How bad is the housing affordability in our lifetime? Let’s look at two occupations which represent the heart and soul of the middle class: nurses and teachers. In 2023, a Registered Nurse could afford to buy a home in 90 of 360 markets in the United States. That’s right. According to NHC’s Paycheck to Paycheck database, in 201 markets, 52% of metro areas, buying a home with an income below $100,000 is a non-starter. For middle school teachers, it’s marginally better: 122 markets are affordable. This is because the income needed to buy a typically priced home nearly doubled from $73,778 in September 2021 to $120,951 in September 2023. Two factors drove this increase, an increase in mortgage interest rates from 3.01% to 7.31% and an increase in the median home price from $299,487 to $348,539. Housing is a continuum. The fewer homeowners, the more renters. And more renters mean higher rents. At the bottom of the economic spectrum, we have more people than ever entering homelessness. More...

News from Washington | By Brittany Webb

Middle-income tax credit bill introduced to mixed reaction

U.S. Sens. Dan Sullivan (R-Alaska), Senate Finance Committee Chair Ron Wyden (D-Ore.), and U.S. Reps. Jimmy Panetta (D-Calif.) and Mike Carey (R-Ohio) introduced the Workforce Housing Tax Credit (WHTC) Act. The bill, an updated version of a proposal Wyden introduced earlier this year as part of his Decent, Affordable, Safe Housing for All Act, would create a tax credit for middle-income housing that mirrors the Low-Income Housing Tax Credit (LIHTC). If enacted, the new middle-income housing tax credit (MIHTC) would increase the supply of affordable housing for middle-income families who earn too much to qualify for low-income affordable housing but still not enough to afford housing near where they work. The program is estimated to finance 344,000 affordable rentals. The bill also allows some flexibility of funding between the MIHTC and LIHTC programs by allowing housing finance agencies to transfer their MIHTC allocation to their LIHTC allocation at any time to meet their community's needs best. 


"Right now, America's nurses, firefighters and teachers are struggling to find affordable housing near the communities they serve. More must be done to fill the 'missing middle' between low-income housing and million-dollar homes," Wyden said. "Establishing a middle-income tax credit will guarantee more housing, and the flexibility our bill provides will help housing finance agencies best meet the needs of their individual communities."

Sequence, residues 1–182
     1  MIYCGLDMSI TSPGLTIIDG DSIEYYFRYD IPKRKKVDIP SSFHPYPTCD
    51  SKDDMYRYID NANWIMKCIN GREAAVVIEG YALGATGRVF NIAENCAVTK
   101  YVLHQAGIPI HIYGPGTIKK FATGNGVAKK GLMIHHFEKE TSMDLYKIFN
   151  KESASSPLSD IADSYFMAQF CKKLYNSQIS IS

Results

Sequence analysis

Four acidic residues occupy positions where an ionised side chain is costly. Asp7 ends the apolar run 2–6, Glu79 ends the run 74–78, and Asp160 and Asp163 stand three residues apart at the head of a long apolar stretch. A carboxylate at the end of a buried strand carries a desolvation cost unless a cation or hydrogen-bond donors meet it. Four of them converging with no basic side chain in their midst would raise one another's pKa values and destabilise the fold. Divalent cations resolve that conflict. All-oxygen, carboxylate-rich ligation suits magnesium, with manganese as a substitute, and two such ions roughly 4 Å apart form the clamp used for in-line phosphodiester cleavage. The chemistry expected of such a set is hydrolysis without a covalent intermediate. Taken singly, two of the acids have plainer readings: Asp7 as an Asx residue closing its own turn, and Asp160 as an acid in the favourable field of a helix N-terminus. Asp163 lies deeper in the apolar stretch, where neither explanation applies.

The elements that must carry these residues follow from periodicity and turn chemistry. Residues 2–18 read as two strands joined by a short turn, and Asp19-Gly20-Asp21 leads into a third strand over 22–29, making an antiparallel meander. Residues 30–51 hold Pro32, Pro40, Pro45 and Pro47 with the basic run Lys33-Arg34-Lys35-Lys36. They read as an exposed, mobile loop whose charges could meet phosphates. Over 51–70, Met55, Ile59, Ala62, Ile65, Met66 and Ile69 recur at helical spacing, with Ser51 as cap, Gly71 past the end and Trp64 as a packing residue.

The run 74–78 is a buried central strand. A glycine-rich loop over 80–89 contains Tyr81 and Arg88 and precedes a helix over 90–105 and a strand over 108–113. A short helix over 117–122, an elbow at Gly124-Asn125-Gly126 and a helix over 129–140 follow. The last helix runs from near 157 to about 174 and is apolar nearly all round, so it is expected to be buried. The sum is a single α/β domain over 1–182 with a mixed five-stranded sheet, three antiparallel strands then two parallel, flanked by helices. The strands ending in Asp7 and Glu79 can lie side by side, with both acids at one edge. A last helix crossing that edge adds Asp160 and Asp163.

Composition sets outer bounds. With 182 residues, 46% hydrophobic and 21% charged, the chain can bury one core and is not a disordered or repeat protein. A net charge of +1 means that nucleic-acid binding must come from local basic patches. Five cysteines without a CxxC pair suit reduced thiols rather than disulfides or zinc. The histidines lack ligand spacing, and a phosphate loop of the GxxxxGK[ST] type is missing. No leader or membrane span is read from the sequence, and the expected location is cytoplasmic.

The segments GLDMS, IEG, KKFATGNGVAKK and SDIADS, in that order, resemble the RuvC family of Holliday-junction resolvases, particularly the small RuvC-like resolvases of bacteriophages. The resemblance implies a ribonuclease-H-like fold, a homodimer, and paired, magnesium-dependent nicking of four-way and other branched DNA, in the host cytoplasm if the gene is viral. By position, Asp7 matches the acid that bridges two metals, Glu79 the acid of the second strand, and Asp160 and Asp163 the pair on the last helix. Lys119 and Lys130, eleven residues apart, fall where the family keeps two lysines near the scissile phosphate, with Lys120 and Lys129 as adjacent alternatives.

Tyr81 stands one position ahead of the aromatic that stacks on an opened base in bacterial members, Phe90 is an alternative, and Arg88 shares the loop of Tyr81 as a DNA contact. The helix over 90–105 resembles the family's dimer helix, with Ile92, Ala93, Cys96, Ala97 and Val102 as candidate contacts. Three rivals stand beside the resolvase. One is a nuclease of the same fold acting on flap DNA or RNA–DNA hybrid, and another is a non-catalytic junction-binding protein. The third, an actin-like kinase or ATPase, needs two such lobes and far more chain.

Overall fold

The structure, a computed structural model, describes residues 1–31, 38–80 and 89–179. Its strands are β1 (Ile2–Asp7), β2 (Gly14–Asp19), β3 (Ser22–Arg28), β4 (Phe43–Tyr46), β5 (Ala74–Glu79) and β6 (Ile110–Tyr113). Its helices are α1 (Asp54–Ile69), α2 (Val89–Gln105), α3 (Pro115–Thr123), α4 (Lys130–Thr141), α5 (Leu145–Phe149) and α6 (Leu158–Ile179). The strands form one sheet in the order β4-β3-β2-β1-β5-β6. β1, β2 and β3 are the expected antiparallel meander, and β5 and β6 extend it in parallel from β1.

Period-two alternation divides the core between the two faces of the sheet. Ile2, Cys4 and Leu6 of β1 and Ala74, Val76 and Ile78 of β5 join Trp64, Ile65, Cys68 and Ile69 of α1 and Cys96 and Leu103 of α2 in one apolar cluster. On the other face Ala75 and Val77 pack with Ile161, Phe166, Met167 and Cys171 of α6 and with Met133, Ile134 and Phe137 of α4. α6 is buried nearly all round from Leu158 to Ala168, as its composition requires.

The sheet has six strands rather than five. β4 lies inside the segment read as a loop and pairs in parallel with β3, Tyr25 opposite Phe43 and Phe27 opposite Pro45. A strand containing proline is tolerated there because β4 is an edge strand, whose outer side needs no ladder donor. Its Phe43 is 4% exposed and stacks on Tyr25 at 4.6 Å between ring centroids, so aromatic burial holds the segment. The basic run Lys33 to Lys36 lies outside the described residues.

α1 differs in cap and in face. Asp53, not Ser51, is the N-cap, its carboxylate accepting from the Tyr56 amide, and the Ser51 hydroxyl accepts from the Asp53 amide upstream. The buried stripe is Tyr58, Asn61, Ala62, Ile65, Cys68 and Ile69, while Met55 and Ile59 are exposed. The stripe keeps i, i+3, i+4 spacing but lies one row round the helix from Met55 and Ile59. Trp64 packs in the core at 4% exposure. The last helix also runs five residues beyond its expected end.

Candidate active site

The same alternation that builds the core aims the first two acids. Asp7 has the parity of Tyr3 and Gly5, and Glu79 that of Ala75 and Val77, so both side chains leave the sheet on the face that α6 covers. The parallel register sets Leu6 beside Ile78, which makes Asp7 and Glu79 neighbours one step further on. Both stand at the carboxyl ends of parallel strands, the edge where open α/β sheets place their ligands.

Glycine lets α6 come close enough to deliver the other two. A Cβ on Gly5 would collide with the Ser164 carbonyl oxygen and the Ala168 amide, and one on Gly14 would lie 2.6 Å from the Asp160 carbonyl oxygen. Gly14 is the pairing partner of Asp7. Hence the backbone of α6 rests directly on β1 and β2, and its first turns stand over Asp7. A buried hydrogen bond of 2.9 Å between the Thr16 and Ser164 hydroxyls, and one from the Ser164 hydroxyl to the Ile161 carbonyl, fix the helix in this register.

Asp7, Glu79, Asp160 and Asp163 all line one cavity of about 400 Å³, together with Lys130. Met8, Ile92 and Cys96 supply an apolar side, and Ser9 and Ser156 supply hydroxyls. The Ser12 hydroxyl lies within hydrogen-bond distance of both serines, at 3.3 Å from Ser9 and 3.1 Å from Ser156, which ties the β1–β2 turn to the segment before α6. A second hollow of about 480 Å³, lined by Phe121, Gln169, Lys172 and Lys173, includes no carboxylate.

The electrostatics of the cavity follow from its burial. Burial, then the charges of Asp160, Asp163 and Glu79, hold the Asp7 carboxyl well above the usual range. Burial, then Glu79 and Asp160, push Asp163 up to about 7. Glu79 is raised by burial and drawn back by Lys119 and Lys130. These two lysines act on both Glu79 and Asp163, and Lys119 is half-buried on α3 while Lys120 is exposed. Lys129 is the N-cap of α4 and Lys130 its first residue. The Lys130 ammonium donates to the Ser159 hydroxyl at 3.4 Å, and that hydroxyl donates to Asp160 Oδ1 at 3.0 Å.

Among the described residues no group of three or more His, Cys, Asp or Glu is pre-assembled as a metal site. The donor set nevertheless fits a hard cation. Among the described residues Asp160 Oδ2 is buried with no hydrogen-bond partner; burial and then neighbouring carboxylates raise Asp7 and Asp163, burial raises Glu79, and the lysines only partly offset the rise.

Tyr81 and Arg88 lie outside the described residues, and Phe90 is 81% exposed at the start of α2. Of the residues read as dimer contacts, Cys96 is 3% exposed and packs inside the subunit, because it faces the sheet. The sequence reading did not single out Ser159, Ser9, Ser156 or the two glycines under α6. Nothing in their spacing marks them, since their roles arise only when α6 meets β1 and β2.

While the National Association of Home Builders, the Housing Advisory Group, the National Multifamily Housing Council, and the National Apartment Association support WHTC, the National Low Income Housing Coalition (NLIHC) strongly opposes it. NLIHC voiced concerns about directing funding to programs that divert scarce resources away from extremely low-income groups who are most at risk of experiencing homelessness, calling it a "wasteful and misguided" policy.  

Lawmakers introduce bill to ban single-family institutional investors

Sen. Jeff Merkley (D-Ore.) and Rep. Adam Smith (D-Wash.) introduced a bicameral bill banning hedge funds from purchasing and owning single-family homes last week. The End Hedge Fund Control of American Homes Act of 2023 would require any corporations, partnerships, or real estate investment trusts that manage funds pooled from investors to sell off all the homes they own over the next decade. The bill also prohibits them from owning any single-family homes in the future. Reps. Jeff Jackson (D-N.C.) and Alma Adams (D-N.C.) also introduced the American Neighborhoods Protection Act, which would require corporations that own more than 75 single-family homes to pay $10,000 per home annually into a Housing Trust Fund that provides down payment assistance grants.